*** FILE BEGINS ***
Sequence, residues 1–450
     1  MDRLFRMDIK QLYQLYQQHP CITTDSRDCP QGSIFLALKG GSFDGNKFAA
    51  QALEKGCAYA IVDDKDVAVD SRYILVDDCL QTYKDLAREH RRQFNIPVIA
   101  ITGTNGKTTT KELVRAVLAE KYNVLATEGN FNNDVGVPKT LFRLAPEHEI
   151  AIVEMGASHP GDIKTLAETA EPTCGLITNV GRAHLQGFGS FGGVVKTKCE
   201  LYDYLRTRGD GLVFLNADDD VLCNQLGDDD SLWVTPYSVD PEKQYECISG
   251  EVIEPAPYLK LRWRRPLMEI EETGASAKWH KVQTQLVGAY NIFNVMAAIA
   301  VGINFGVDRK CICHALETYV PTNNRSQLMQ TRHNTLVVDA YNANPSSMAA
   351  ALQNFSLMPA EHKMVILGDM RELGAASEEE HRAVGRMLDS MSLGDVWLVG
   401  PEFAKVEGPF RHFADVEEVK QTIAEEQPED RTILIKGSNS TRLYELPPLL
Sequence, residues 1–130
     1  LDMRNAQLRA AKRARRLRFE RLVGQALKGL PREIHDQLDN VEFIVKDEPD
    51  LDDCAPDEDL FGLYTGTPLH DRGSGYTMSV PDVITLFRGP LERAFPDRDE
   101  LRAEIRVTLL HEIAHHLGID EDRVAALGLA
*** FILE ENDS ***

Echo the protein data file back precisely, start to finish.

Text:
Sequence, residues 1–450
     1  MDRLFRMDIK QLYQLYQQHP CITTDSRDCP QGSIFLALKG GSFDGNKFAA
    51  QALEKGCAYA IVDDKDVAVD SRYILVDDCL QTYKDLAREH RRQFNIPVIA
   101  ITGTNGKTTT KELVRAVLAE KYNVLATEGN FNNDVGVPKT LFRLAPEHEI
   151  AIVEMGASHP GDIKTLAETA EPTCGLITNV GRAHLQGFGS FGGVVKTKCE
   201  LYDYLRTRGD GLVFLNADDD VLCNQLGDDD SLWVTPYSVD PEKQYECISG
   251  EVIEPAPYLK LRWRRPLMEI EETGASAKWH KVQTQLVGAY NIFNVMAAIA
   301  VGINFGVDRK CICHALETYV PTNNRSQLMQ TRHNTLVVDA YNANPSSMAA
   351  ALQNFSLMPA EHKMVILGDM RELGAASEEE HRAVGRMLDS MSLGDVWLVG
   401  PEFAKVEGPF RHFADVEEVK QTIAEEQPED RTILIKGSNS TRLYELPPLL
Sequence, residues 1–130
     1  LDMRNAQLRA AKRARRLRFE RLVGQALKGL PREIHDQLDN VEFIVKDEPD
    51  LDDCAPDEDL FGLYTGTPLH DRGSGYTMSV PDVITLFRGP LERAFPDRDE
   101  LRAEIRVTLL HEIAHHLGID EDRVAALGLA